So I asked Tim where did I go wrong? What should I have done differently?
Tim first suggested giving Jacob an IOU for ice cream for another day. I felt like this wasn't fair to Jacob, and Tim continued to brainstorm.
His next thought was that I could have gone to Stewart's to pick up milk and at the same time gotten Jacob a small ice cream. He thought this may not have caused as big an upset for Matthew and certainly would have at least kept him off of Deleware Avenue. He also suggested that I could have gotten Jacob an ice cream at Stewarts and Matthew and David something small, that this would make the point that they had lost the golden prize, but that all was not lost and they could try again for ice cream another day.
I had thought I had done so well because I stayed calm, I used the buzz words, and I didnt make Jacob lose out on his reward because of the other boys behavior. However in talking with Tim I realized a few things:
1. Jacob still lost out- how good did the ice cream taste while watching and listening to Matthew's tantrum?
2. Matthew lost out on a learning opportunity because he was too angry and explosive to learn from what happened
3. I lost track of the little picture which is that 3 boys lasted 30 minutes while I did something I loved. Just a year ago 30 minutes wouldn't have been possible. Sure, they didn't last an hour, and sure I was embarrassed by their behavior, but in reality 30 minutes is still to be celebrated.
One of the best parts of talking to Tim was that he was able to help me put into words the struggle I have with being Matthew's mom at times. We have had a good summer, lots of good days, however I am often tired of being accosted by Matthew's questions from the very second I open my eyes until the second he falls asleep. It is an awful lot to hear any other human talk as much as Matthew talks. Tim said when you are with Matthew it is almost like you are constantly being verbally assaulted. You cannot predict as the listener what he is going to say, and often the conversations are disjointed and it takes a lot of effort as the listener to stay on task with his conversation. This is exhausting as the listener. Tim clarified for me that it is ok to feel exhausted, that everyone who is with Matthew feels this exhaustion. It is always helpful for me to have my feelings validated, and to have the visual of being verbally accosted for some reason made a lot of sense to me and was able to help me put my emotions into context.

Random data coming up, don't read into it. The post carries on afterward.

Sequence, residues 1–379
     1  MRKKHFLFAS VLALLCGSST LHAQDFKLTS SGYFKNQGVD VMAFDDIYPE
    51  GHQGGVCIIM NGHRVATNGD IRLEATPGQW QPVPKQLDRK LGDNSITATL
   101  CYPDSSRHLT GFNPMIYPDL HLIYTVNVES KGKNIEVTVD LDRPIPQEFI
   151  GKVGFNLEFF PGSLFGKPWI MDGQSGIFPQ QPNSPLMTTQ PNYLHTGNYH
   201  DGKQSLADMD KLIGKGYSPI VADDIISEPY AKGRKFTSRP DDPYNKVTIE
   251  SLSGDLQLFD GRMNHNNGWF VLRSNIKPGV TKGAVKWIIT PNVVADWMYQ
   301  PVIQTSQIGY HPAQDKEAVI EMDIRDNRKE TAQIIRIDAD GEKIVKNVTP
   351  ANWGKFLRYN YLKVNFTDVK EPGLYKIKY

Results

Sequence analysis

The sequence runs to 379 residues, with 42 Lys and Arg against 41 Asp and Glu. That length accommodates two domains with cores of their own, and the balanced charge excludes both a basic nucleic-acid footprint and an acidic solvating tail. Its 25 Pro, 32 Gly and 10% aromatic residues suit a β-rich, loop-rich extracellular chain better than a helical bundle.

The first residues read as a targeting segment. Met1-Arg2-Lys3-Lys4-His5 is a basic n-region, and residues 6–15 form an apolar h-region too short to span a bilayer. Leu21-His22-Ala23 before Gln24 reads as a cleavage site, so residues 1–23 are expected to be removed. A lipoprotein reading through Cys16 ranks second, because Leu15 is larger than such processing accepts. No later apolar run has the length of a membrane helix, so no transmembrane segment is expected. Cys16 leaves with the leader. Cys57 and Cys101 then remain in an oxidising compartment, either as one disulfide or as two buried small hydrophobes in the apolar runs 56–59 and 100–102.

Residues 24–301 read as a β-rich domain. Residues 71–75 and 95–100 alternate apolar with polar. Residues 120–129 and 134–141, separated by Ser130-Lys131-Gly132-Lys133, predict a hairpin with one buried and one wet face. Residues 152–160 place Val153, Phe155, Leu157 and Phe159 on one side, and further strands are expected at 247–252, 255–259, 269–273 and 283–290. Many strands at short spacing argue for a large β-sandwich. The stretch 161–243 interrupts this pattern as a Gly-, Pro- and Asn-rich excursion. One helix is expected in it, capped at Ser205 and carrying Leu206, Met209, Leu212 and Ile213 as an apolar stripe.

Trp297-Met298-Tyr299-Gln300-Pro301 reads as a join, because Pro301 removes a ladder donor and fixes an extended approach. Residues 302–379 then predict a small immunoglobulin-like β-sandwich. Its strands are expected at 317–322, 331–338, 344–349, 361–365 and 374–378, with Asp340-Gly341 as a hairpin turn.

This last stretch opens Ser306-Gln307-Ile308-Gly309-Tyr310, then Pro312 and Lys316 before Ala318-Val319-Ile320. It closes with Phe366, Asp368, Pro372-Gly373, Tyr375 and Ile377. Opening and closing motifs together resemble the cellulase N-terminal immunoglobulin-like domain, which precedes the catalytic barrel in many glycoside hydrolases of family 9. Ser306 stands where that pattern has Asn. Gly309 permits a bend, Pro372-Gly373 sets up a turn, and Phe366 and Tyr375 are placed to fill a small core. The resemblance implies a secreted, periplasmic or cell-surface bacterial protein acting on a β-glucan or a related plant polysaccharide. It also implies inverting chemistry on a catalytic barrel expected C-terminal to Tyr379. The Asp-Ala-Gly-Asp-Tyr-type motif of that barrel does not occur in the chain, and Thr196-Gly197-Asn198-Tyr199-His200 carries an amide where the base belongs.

Raising any child or children is a learning process. Raising children with special needs requires learning because the child does not follow the typical developmental pattern, but the good news is that with each new technique I learn, my parenting toolbox becomes more full, and I am more ready to parent with success.
- I am a single mom of three amazing boys! All three of my sons entered my family through adoption. All three of my boys have developmental disabilities. My oldest son, Matthew has been diagnosed with Fetal Alcohol Syndrome and Bipolar Disorder. David, my middle son, has a genetic condition, he has a duplication on his 15th chromosome which leads to autism like symptoms, seizures and learning challenges. My youngest son, Jacob has learning disabilities. Each of my children bring unique challengs to our family and also bring their own personality and joys to our everyday life!